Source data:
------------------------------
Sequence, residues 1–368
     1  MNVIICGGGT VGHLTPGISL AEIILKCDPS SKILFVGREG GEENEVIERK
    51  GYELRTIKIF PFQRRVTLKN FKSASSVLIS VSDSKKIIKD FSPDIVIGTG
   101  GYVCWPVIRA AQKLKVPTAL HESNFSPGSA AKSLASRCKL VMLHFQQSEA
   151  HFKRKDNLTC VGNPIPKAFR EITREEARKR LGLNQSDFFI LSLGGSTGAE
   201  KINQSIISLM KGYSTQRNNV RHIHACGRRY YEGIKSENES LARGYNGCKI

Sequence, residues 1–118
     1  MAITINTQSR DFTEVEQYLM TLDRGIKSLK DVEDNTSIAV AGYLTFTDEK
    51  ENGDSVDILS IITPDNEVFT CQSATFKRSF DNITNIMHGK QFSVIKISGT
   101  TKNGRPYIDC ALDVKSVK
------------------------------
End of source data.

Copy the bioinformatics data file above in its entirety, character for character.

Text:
Sequence, residues 1–368
     1  MNVIICGGGT VGHLTPGISL AEIILKCDPS SKILFVGREG GEENEVIERK
    51  GYELRTIKIF PFQRRVTLKN FKSASSVLIS VSDSKKIIKD FSPDIVIGTG
   101  GYVCWPVIRA AQKLKVPTAL HESNFSPGSA AKSLASRCKL VMLHFQQSEA
   151  HFKRKDNLTC VGNPIPKAFR EITREEARKR LGLNQSDFFI LSLGGSTGAE
   201  KINQSIISLM KGYSTQRNNV RHIHACGRRY YEGIKSENES LARGYNGCKI

Sequence, residues 1–118
     1  MAITINTQSR DFTEVEQYLM TLDRGIKSLK DVEDNTSIAV AGYLTFTDEK
    51  ENGDSVDILS IITPDNEVFT CQSATFKRSF DNITNIMHGK QFSVIKISGT
   101  TKNGRPYIDC ALDVKSVK